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Scams Without End!

Posted on 7th April 2022

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There is a constant stream of scams trying to trick us out of our hard-earned money. Luckily, they are mostly pretty transparent.

The days of the Nigerians claiming to control funds (usually millions) that they want our help transferring out of their country, for which they need our bank account details, are thankfully now largely over.

There are still cases of people stealing money by advertising something (usually a second-hand car), then asking the potential buyer to prove that they have the money by transferring the funds to themselves via Western Union, which the scammer then collects before the buyer can do so. A friend of ours was tricked in this way. This scam is only possible because Western Union does not enforce the transferrer's security requirements, such as proof of identity and a security question. Western Union has refused to take any responsibility for these cases, and the police seem unwilling to help.

At the moment I am getting a lot of calls to tell me that I have won a prize in some competition that I never entered. The prize usually includes cash, but can also include fully paid vacations. The catch is that, in order to claim your prize, you have to subscribe to something, typically a newspaper, paid for by a direct debit from my bank account. I am surprised that such scams are apparently legal in Germany. I have to be very persistent in saying no to these scams; once or twice is never enough.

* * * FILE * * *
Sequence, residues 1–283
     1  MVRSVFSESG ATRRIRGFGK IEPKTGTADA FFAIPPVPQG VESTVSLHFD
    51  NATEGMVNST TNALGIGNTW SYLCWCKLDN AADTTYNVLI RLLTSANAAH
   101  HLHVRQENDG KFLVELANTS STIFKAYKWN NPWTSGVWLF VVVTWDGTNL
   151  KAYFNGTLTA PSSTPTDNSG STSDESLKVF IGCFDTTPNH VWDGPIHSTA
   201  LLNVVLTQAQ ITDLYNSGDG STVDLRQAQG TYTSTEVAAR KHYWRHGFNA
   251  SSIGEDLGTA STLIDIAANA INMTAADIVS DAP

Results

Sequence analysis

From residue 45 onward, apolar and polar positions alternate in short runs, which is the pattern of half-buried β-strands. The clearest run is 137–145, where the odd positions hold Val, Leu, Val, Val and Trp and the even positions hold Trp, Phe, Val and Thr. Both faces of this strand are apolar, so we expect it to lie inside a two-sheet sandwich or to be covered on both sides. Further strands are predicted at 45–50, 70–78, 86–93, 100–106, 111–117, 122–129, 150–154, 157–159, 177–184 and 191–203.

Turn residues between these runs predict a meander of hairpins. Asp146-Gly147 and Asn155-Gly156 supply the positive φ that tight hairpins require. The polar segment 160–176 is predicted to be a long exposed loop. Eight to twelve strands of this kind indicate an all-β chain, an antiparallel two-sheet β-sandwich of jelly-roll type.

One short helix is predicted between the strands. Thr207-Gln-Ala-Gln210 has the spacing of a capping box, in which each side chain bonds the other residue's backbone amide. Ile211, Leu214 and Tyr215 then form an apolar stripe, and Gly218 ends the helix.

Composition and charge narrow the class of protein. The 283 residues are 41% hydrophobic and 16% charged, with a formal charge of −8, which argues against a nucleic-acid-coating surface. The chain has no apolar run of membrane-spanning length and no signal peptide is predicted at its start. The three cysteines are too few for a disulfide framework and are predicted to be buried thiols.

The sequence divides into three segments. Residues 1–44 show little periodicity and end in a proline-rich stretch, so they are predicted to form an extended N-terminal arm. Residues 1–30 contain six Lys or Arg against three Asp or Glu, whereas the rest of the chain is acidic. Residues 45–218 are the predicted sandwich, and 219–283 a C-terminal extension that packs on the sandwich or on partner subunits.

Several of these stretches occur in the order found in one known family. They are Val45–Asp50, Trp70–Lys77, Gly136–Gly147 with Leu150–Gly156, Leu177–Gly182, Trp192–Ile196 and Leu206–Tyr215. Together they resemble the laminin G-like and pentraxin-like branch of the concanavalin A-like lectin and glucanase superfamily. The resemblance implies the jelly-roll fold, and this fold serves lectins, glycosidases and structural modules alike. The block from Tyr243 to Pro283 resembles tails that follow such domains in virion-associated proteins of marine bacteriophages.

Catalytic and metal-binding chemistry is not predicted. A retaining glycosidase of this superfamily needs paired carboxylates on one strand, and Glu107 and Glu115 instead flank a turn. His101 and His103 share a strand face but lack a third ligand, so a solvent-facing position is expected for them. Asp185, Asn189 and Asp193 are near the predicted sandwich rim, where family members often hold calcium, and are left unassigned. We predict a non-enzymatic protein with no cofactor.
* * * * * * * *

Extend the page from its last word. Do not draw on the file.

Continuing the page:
Today I experienced a new scam. I received a call from a German mobile number, in bad English (not a person, but a synthesised voice), claiming to be about an international police investigation (this was used to justify the call being in English), telling me that I should act now to avoid losing my house, and to press "1" to speak to the federal police. I know that the German police would always speak German, at least at the start of a call, and that no foreign law enforcement agency is legally allowed to cold-call residents of Germany (they would have to make any contact through the German police). I was not even slightly worried by the call; since I do not own a house, no-one can take it. Nevertheless, I can imagine that some people, on receiving such a call, would be extremely worried.